The Kangaroo joint video venture between BBC Worldwide, ITV and Channel 4 has been referred to the Competition Commission. It follows complaints to the Office of Fair Trading from other providers including Sky and Virgin Media. The Competition Commission will now take six months to consider the matter.

Ashley Highfield, the former head of future media and technology at the BBC, will start as chief executive of Vodco, otherwise known as the Kangaroo Project, with this unwelcome news in his in tray.

The proposed joint venture, which has yet to receive approval from the BBC Trust, plans to create a combined online offering bringing together the wholesale and retail programming of the public service broadcasters. Programmes would be available on a free, rental or retail basis.

Satellite broadcaster BSkyB has said the partners “must not be allowed to leverage their unique position in television, built on public subsidy, into the on-demand space”.

The Office of Fair Trading said “concerns arise because the concentration of these important and competing libraries of UK TV programming may give market power to the joint venture.” This could potentially lead to higher prices to wholesale customers and consumers, or limit the ways in which viewers can watch the programming.

The parties involved in the proposed project offered remedies but they were considered to be of limited scope and insufficient to resolve these concerns.

“Video on demand is a new and fast-growing consumer sector, and we should judge the issues on evidence, rather than speculate about consumer behaviour,” said Simon Pritchard, senior director of mergers at the Office of Fair Trading.

The watchdog is obliged to refer such matters if there is the possibility of a merger that may result in a substantial lessening of competition for goods or services in the United Kingdom.

Under the Enterprise Act 2002 a relevant merger occurs if two or more enterprises cease to be distinct and their turnover exceeds £70 million or results in a share of 25% of the market in the United Kingdom.

The respective broadcasters proposed to maintain their separate web video offerings, so it may not result in an effective merger of their online video operations.

Michael Grade, the executive chairman of ITV criticised the decision. “While I understand that the Office of Fair Trading is carrying out its statutory obligations,” he said in a statement. “There is a serious problem with a regulatory framework that seems unable to take the most important interest into account — that of British viewers.”

“This venture has been delayed by a reference to the Competition Commission, at the very same time that non-UK companies like Google and Apple are free to build market-dominating positions online in the UK without so much as a regulatory murmur.”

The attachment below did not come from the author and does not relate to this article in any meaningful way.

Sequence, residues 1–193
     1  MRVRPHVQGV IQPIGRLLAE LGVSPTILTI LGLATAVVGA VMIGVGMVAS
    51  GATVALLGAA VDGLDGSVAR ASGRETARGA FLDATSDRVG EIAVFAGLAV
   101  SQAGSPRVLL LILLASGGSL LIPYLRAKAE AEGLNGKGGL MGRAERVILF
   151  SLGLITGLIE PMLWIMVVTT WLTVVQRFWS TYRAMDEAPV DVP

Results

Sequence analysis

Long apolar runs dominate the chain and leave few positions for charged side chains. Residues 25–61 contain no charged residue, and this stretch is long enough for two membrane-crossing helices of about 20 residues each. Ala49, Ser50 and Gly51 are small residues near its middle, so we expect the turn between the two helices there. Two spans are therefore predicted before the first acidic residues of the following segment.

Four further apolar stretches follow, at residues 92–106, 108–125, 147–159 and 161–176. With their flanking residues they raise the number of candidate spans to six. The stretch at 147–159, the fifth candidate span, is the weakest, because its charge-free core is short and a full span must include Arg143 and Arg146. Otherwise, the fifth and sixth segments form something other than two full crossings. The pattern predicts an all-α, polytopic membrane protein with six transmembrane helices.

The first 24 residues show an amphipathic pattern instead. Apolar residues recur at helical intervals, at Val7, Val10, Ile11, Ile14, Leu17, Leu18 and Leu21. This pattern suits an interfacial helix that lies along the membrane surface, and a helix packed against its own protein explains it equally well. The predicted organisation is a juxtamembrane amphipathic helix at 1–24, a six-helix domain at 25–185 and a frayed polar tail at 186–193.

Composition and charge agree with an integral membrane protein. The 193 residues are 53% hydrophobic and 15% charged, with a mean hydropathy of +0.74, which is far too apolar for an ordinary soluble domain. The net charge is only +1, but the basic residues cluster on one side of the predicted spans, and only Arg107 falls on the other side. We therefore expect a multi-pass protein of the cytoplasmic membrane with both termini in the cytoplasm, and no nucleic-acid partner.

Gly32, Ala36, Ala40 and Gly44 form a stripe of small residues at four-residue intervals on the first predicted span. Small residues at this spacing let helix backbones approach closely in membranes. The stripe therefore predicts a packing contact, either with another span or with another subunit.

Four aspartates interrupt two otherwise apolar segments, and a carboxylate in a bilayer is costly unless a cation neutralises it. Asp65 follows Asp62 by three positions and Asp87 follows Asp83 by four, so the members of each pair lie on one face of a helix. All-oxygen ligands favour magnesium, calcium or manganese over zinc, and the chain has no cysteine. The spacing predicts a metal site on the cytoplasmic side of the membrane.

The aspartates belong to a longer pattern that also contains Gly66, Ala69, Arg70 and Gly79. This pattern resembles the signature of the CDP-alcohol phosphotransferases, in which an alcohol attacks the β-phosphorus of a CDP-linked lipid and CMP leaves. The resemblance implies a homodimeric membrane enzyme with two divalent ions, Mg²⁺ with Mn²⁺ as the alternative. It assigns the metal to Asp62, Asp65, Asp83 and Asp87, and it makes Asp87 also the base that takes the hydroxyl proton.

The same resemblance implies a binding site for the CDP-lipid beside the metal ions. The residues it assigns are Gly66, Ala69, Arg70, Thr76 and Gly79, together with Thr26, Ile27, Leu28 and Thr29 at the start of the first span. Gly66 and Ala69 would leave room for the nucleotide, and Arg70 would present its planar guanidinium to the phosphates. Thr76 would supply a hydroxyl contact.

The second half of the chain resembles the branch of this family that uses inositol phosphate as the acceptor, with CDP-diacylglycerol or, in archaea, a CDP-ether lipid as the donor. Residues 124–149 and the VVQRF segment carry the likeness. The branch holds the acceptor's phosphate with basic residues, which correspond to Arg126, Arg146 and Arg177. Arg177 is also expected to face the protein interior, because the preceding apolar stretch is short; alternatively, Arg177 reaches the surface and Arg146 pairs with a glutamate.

In a joint statement, BBC Worldwide, ITV and Channel 4 said they were disappointed by the decision and frustrated that it will delay the launch of Kangaroo. They said they remained committed to the plans and were confident that the Competition Commission would conclude that the joint venture “will provide wider choice for consumers and be seen as a pro-competitive force in the market place” providing “an example of UK innovation and collaboration for the benefit of consumers and advertisers alike.”

The competition concerns raised about the Kangaroo project arise primarily because the consortium has so far been unclear about its proposed business model. Aggregating programming from various sources is a straightforward platform proposition. Potentially restricting supply to other providers and refusing to stock material from third parties are entirely different issues.

As recent problems with premium rate phone lines have demonstrated, broadcasters are not above the law when it comes to issues of consumer protection.

If three leading supermarkets were considering creating a single online store, it would be expected to raise competition issues. Renting, retailing or wholesaling programmes online is no different.

The irony is that experience has shown that syndication and distribution are the keys to success in online media. In the view of informitv, rather than attempting to create their own portal, British broadcasters should be seeking to make their material available through every possible platform.

In the United States, the Hulu joint venture between News Corporation and NBC has created a successful online property that also makes its material available through other online channels.

Unfortunately, the further delay introduced by reference to the Competition Commission will reduce the effectiveness of British broadcasters to develop their online strategies at this critical time.

“We remain confident that the proposal will not stifle competition in this fast-emerging sector,” said John Smith, the chief executive of BBC Worldwide, the commercial division of the BBC. “We will now work closely with the commission to ensure any concerns raised are adequately addressed.”